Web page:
Tag Archives: dopamine

Death to Success

I’m going to conduct an experiment.

You can participate as well. Or you can watch this spot for progress reports. Or both.

The hypothesis for this experiment is as follows:

The mind is plastic. Evidence of this is that the internet and specifically, social media (through PCs and smartphones) has, unbeknownst to us, rewired our brains and we are now victims of our own desires to engage the world through the dings and tweedles, red and orange notifications dots and numbers we yearn to see on our computing devices. Our brains have been remolded making us all social notification addicts.

It therefore follows that, so altered, the mind, my mind, can be altered back. Specifically, my fixation with death, and the nihilistic attitudes I’ve cultivated for the last few years, which, if the theory holds true, I’ve inadvertently wired my brain to gravitate towards, will be attempted to be transformed to — not thoughts of death and the end of the Universe — but to a simple idealistic desire for success.

Every time I think of death and any and all of the terms and constructs that surround it, I will intentionally divert my thinking to the word “success”. This word, I believe, can embody a diametrically opposed belief system opposite of Morte.

Along the way I’ll be attempting to also alter my use of the internet, trying to curb my insidious predilection toward the dopamine-drip fed feeling of social acknowledgment found in said software dings and dots.

The Shallows: What the Internet is Doing to Our Brains — Nicholas Carr, a book recommended by Zarah Parker, has me convinced that this experiment can be attempted.

The null hypothesis would be that, in six months or so, I retain the tendency to dwell on my mortal demise (or I’ve shoved an ice pick into my ear) and will report such results (or not). To reject this null hypothesis, we’ll have to see where my head is right around the summer solstice.

It’s a fun and exiting experiment you can do at home, work, or traveling. So, come along and join the joy. Let’s all change our minds together.

[And now for a dram of Inception’esqueness: https://bmhonline.wordpress.com/2018/01/02/death-to-success/ Where Brian has eloquently, if anachronistically verbalized the above verbiage.]

Rewarding logic: Spock paradox

Why would Spock prefer a logical solution to an illogical one?

The human brain is fixated on self-reward. Our endocrine system, in concert with our cerebrum, serve to lead us in how we think and react to our world. The two systems work together to produce our behavior. There are dozens if not hundreds of hormones that serve to swill into our mind coating it and bathing it to produce drug like euphoria which, more often than not, reinforces our behavior to play-it-again-Sam.

This works for hormones like oxytocin, the more you bond with a loved one the more you want to bond; dopamine, the more you feed the reward hormone the more reward you crave; serotonin, the more content you are the more content you want to be. And there are others that behave this way. And some that go the opposite way. Ghrelin, for instance, is the hunger hormone and if you feed yourself (after being hungry), your stomach lining will stop producing it.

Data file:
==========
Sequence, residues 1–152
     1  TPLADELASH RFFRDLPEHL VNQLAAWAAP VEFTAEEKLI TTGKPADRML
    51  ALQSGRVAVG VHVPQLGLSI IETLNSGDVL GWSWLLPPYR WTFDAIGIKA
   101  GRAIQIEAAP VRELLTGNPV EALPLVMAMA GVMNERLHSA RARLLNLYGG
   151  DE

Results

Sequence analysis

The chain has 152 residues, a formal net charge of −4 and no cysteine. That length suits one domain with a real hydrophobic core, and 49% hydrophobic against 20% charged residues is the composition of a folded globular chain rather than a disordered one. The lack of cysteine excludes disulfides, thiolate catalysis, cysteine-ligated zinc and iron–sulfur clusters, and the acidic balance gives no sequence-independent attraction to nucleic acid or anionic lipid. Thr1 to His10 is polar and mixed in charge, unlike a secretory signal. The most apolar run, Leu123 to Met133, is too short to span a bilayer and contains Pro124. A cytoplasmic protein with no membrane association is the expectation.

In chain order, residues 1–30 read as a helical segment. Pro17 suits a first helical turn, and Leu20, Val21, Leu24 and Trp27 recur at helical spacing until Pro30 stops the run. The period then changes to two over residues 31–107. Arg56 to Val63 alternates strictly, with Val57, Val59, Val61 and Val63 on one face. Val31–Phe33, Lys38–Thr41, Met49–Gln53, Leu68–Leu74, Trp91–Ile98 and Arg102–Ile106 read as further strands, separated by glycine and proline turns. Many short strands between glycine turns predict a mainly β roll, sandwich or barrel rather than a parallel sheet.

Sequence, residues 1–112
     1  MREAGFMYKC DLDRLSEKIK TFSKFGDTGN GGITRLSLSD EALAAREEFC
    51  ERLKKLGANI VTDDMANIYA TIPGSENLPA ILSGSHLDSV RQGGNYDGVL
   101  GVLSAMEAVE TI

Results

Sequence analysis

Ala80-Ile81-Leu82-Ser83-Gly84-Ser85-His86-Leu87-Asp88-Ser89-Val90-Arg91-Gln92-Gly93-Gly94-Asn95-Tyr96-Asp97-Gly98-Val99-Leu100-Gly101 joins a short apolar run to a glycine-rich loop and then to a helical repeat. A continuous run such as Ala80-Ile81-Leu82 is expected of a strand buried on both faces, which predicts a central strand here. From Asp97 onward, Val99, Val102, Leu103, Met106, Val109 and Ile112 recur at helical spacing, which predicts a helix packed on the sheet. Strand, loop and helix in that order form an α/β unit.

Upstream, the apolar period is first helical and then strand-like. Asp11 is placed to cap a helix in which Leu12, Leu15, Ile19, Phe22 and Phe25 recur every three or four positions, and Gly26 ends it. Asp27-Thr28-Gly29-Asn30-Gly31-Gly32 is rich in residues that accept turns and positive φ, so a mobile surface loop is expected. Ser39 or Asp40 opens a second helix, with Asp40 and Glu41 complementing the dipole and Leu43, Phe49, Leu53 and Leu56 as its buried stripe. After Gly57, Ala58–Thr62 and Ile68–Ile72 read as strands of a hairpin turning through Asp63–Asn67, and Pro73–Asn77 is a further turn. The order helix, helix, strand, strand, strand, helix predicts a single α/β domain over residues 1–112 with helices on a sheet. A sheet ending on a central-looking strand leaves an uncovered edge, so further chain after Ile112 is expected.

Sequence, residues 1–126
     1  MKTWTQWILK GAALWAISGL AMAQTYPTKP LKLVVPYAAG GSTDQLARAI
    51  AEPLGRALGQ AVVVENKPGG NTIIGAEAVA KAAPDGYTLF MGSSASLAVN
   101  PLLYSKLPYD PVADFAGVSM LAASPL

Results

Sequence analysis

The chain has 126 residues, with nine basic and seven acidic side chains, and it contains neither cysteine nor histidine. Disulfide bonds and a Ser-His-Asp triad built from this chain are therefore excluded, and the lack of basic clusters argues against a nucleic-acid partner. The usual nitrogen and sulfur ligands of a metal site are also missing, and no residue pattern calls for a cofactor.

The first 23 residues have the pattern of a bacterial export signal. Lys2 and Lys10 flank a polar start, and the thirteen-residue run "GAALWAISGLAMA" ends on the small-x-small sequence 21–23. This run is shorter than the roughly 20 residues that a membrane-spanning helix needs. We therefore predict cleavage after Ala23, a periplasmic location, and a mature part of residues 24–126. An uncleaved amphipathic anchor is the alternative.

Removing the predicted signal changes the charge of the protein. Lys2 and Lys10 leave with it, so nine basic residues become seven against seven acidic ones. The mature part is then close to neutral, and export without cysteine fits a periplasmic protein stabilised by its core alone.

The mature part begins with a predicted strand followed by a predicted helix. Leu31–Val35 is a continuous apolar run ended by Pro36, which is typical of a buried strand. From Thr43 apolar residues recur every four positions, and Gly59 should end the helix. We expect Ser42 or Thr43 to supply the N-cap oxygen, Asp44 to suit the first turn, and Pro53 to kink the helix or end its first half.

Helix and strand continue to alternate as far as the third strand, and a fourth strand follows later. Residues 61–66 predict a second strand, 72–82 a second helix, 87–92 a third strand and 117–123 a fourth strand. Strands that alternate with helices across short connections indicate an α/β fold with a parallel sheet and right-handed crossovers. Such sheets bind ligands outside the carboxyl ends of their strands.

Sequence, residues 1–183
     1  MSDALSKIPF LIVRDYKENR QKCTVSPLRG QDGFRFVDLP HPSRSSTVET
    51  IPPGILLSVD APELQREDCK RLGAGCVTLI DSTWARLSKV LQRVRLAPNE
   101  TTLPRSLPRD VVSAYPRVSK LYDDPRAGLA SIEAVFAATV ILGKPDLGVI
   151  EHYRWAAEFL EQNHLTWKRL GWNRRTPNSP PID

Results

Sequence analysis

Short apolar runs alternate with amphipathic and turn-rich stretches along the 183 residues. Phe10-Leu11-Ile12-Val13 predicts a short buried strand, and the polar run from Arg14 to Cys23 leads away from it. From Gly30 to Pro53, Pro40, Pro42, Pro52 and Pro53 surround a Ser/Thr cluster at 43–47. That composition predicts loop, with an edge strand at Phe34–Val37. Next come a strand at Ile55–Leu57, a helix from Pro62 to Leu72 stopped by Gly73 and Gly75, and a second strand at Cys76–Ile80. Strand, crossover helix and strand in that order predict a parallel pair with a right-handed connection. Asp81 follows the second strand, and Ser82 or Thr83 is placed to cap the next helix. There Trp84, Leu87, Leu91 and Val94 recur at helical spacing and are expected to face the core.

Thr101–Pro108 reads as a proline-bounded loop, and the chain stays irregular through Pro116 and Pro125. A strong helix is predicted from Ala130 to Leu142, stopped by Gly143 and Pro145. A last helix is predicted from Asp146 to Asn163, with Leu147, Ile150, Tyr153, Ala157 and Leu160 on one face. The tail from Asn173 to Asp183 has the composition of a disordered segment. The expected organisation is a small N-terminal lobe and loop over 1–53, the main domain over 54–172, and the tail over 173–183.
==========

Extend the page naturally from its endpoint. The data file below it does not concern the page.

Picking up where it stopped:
But what of pure thinking, logical problems? I propose that solving mental problems produces similar hormonal reward releases just as the other behaviors do. And, in fact, we know this is true; dopamine gets squirted into your system every time you see that orange dot on the wordpress bell (or fadebook or twitter or instagram, etc.). Positive feedback  during social interaction is an addictive behavior and dopamine is the culprit.

I write software. When I have a tough logical problem to crack, which I end up solving,¬† at that moment of realization of my breakthrough — I feel great! I just dialed up my dopamine drip. Solving logical puzzles is an addictive process. OK, maybe not addictive, but there is a reward provided by the brain when a solution is discovered.

Ah ha! moments are like a drug.

So here’s the paradox: why would Spock — as a Vulcan — prefer a logical solution if, as an emotionless being, no reward would be forthcoming for said selection?

Yes, Spock is 1/2 human, but as a Vulcan, there would be no hormonal release of a dopamine equivalent. So, why bother? If you don’t “get” anything out of choosing logic vs illogic, why be adamant about its selection? Humans, on the other hand, I believe, select a logical solution precisely because it feels good to do so. An illogical solution does not provide the reward.

Human brains and hormones work together to keep us selecting species benefiting choices. A well thought out logical solution is its own reward — because that reward feels good, it physically feels good. Spock? Vulcans? They would have no reason to pursue logic as they do.

A post of similar sentiment, that is, hormones and human response: